Wednesday, November 18, 2009

Bubble and Squeak

I made a passing reference to Bubble and Squeak back in the summer when I had a head of cabbage on hand. I bring it up now, because you just might have the right combination of leftovers to make this dish sometime after Thanksgiving.

Bubble and Squeak has a place in the pantheon of British Foods With Odd Names. Basically, it's a shallow-fried pancake or hash made from leftover potatoes and vegetables. Cabbage is a traditional ingredient, but you can use whatever greens or vegetables you have on hand. Throw in some chopped herbs, too, if you'd like (mmmm, sage and rosemary would be good). Use the directions below as a very loose guide.

Bubble and Squeak

(adapted from The Frugal Gourmet by Jeff Smith)

3 potatoes, boiled and smashed, or leftover mashed potatoes
4 cups chopped, cooked cabbage, or other cooked greens, such as kale or chard
1/2 medium onion, peeled and chopped (sauteed, if you choose, but it's not necessary)
1 raw zucchini, grated (or try cooked Brussels sprouts, broccoli, or carrot)
olive oil

Gently mix the potatoes, greens, and vegetables. Lumps are good; you are not looking for a smooth paste. If your potatoes are too cold to mix, warm them a bit in the microwave first.

Heat a tablespoon or two of olive oil in a large, heavy skillet. Add the potato-vegetable mixture, press it into the skillet bottom, and let it heat and brown. Flip it in sections to brown both sides or stir it like hash until it's evenly cooked and hot throughout. Serve with salad, leftover meat, or scrambled eggs.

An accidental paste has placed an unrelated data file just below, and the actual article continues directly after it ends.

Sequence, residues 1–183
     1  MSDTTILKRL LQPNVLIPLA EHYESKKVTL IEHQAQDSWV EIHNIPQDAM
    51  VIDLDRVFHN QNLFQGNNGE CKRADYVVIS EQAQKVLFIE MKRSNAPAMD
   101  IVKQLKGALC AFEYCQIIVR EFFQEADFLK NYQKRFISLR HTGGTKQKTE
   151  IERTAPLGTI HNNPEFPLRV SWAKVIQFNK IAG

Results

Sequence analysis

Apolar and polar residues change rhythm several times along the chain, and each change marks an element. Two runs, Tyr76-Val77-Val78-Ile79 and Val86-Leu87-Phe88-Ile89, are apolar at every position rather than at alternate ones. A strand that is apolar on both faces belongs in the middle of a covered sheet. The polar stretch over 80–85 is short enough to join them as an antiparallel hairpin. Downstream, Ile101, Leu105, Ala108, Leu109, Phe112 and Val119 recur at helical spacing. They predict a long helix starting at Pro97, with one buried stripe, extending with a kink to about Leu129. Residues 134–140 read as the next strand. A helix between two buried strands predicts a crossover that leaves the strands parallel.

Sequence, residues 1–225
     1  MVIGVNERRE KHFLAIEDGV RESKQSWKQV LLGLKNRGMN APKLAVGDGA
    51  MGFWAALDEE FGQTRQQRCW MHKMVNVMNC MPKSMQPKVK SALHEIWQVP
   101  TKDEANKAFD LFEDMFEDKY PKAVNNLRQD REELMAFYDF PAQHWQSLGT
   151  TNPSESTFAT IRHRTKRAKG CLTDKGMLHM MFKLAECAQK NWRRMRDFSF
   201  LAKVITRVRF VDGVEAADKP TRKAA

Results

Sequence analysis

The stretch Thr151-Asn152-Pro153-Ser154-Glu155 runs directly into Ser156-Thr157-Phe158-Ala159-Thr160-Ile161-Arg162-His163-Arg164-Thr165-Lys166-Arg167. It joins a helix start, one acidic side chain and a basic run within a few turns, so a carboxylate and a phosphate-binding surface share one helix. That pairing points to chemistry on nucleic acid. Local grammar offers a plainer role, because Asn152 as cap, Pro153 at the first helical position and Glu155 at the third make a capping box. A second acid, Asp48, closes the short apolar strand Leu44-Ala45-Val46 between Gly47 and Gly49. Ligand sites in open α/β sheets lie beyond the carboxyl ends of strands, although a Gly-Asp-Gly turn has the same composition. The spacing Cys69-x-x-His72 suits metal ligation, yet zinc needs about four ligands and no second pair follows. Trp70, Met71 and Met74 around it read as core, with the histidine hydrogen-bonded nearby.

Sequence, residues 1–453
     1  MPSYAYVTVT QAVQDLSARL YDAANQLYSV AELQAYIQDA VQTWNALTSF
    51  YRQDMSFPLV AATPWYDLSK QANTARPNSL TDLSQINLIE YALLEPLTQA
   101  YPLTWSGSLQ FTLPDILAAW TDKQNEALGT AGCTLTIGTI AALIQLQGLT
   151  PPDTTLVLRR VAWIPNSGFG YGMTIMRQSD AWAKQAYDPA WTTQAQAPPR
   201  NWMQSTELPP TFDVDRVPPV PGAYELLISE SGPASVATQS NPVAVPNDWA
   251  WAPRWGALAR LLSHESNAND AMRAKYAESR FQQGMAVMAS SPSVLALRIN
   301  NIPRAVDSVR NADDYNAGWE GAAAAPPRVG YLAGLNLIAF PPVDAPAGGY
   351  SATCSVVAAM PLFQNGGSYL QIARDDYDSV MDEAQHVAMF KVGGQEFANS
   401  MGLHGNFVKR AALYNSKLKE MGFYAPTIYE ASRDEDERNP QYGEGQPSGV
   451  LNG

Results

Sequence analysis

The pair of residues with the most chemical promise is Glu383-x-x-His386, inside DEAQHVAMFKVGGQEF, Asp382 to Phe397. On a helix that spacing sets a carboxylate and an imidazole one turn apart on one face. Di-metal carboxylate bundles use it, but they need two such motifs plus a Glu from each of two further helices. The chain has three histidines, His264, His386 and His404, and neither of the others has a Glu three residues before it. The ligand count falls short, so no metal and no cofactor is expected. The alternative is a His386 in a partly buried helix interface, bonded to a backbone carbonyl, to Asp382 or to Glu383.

Tuesday, November 3, 2009

The Supermarket Season

chard with applesWe're probably not eating much local produce these days -- it's hard to know where the vegetables in our Big Chain Supermarket come from -- but the "seasonal" eating continues. I couldn't resist the Bright Lights Swiss chard. Try it with apples and carmelized onions for a colorful side dish. The sweetness of the onion and the fruit offsets the natural bitterness of the chard. I served the chard with pasta and fish, but it would go equally well with poultry or beef.

Swiss Chard With Apple and Carmelized Onion

2 Tbsp olive oil
1 large Spanish onion, chopped (about 3 cups)
2 Cortland apples, large dice, with peel on (about 2 cups)
1 bunch Swiss chard, washed, stems and leaves separated and chopped

Heat the olive oil in a large skillet that has a lid. Cook the onion over medium heat, stirring occasionally, for 10 to 15 minutes or until the onion begins to brown and carmelize. Stir in the apple and Swiss chard stems, and cook the mixture for about 5 minutes. Stir in the chard leaves, cover the skillet, and cook for 5 minutes more or until the chard is wilted to your liking. Season with salt and pepper if you wish.